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Flexible Drawdown

Why use the Collective Retirement Account for flexible drawdown?

For those customers with £12,000 guaranteed pension income, the CRA can provide a very flexible way of accessing their pension pot to provide immediate income without restriction in advance of the Government’s proposed pension income changes from April 2015. Flexible drawdown is an option you would normally associate with a SIPP, but the CRA has this facility and importantly comes without many of the charges normally associated with investing in a SIPP.Quote: 'I require total control over my pension income, ‘so I can take whatever income I need, whenever I need it' Judith Rowntree

Case study Judith Rowntree*

  • Judith Rowntree is a 63 year old retired GP Practice Manager.
  • She is now receiving a total pension of £15,000 a year from an NHS final salary Pension Scheme.
  • Judith has two additional personal pension pots worth £180,000 in total.
  • Judith wants to boost her income by £15,000 over the next year to cover a luxury cruise.
  • Judith is considering two options:

Phasing from Capped Drawdown Option 1

  • Transfer the two existing personal pensions to the CRA.
  • Crystallised fund required = £49,936.
  • Tax free cash = £12,484.
  • Residual drawdown fund = £37,452.
  • Gross max annual income = £3,145.96**.
  • Income net of basic rate tax of (20%) = £2,516.
  • Total income generated for the next year = £15,000.

Phasing from Flexible Drawdown Option 2

Judith is eligible to use her personal pension savings for flexible drawdown as her pension income of £15,000 from the NHS final salary Pension Scheme and State Pension meets the £12,000 minimum income requirement for flexible drawdown.

  • Transfer the two existing personal pensions to the CRA.
  • Crystallised fund required = £17,647.
  • Tax free cash = £4,412.
  • Residual drawdown fund of £13,235.
  • Gross maximum annual income of £13,235.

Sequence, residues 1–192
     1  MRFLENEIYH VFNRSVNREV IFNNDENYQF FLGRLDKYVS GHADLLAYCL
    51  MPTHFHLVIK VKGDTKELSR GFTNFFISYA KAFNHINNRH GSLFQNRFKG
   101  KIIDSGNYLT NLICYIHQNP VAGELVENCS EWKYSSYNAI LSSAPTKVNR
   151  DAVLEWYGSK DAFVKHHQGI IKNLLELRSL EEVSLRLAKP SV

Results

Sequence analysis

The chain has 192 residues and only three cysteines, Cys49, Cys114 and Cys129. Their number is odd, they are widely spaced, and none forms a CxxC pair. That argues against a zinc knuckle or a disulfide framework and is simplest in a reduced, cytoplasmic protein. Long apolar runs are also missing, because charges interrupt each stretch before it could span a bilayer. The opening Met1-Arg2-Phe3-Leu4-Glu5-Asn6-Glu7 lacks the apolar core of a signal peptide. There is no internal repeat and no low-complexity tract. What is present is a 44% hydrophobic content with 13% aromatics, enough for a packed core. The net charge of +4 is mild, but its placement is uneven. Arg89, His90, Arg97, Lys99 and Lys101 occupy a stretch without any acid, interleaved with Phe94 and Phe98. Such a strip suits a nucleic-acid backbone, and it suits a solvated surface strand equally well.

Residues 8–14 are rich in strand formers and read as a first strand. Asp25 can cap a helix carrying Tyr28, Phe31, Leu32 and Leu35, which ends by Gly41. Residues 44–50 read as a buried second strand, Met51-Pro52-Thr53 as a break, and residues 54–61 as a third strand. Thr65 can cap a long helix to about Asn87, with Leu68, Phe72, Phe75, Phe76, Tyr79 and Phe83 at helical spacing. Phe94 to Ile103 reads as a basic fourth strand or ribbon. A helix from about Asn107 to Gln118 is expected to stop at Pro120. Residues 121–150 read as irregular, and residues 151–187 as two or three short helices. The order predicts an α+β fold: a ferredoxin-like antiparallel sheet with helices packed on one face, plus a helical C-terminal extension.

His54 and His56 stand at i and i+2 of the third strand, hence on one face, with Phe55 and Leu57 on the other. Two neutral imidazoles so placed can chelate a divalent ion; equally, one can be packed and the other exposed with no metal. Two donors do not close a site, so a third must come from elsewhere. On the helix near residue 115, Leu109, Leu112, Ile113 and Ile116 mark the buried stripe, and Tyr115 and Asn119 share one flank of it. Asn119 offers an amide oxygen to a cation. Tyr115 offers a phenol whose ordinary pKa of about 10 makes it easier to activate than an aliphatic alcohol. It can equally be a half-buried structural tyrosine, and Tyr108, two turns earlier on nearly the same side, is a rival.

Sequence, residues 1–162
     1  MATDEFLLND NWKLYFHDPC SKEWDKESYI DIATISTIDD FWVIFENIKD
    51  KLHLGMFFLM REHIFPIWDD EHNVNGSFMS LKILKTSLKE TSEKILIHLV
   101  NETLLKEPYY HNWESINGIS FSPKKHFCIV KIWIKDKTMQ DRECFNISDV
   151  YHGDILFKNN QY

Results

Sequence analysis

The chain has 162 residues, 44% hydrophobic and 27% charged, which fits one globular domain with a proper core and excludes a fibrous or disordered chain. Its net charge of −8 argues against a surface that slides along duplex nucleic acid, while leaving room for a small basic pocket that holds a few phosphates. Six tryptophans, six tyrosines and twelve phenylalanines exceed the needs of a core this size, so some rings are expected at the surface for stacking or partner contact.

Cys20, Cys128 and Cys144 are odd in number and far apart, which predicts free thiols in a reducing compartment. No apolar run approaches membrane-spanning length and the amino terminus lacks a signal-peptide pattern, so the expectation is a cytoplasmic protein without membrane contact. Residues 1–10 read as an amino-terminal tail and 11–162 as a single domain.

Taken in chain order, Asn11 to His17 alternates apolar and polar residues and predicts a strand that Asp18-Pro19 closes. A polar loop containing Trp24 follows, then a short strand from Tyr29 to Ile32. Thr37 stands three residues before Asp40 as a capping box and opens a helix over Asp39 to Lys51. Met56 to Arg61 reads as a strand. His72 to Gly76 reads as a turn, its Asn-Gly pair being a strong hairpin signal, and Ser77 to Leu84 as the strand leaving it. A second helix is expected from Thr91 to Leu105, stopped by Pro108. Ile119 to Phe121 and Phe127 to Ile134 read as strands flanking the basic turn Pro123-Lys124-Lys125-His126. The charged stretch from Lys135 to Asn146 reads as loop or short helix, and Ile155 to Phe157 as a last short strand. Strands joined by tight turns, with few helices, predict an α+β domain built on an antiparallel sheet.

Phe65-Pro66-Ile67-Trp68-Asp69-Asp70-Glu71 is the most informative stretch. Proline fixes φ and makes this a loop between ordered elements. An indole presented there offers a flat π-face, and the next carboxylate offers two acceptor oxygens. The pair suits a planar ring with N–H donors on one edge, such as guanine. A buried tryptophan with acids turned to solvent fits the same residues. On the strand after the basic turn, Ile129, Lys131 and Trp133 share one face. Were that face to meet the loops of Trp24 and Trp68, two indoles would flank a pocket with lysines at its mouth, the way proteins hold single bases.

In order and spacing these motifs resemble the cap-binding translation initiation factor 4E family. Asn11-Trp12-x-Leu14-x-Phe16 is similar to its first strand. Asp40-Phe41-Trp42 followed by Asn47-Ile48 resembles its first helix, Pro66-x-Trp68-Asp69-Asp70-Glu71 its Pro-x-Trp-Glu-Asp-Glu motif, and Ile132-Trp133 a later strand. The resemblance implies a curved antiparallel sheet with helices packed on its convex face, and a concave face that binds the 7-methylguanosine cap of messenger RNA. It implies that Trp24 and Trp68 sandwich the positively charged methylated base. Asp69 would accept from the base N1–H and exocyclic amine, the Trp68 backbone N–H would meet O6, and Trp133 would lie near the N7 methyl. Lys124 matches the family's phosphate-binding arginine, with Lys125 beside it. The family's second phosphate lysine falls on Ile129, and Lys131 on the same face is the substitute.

• Income net of basic rate tax of (20%) = £10,588.
  • Total income generated for the next year = £15,000.

The advantages of Judith opting for flexible drawdown

  1. Flexible drawdown enables Judith to achieve her immediate income needs whilst crystalising 65% less than the capped drawdown route. This means that less of Judith’s pension savings are used to provide her net income requirements each year, which benefits from:
    – having 25% of her remaining savings available to provide a tax-free income in the future
    – reducing the tax liability in her remaining savings if she dies before age 75.
  2. Crystallised pension money is subject to a 55% tax charge upon death – flexible drawdown has given Judith and her estate a significant death benefit advantage.

 

Flexible drawdown enables eligible customers to crystallise what is required for immediate income, leaving the remainder uncrystallised for future income needs. Adrian Walker, Head of Retirement Planning, Skandia, May 2012

 

For those customers under 75, flexible drawdown can offer a valuable death benefit advantage. Phasing pension savings to meet a target income maximises uncrystallised funds that will not attract a 55% tax charge on death.

* Judith Rowntree is a fictitious character created for the purposes of this case study.
** Based on GAD rates as at January 2014.

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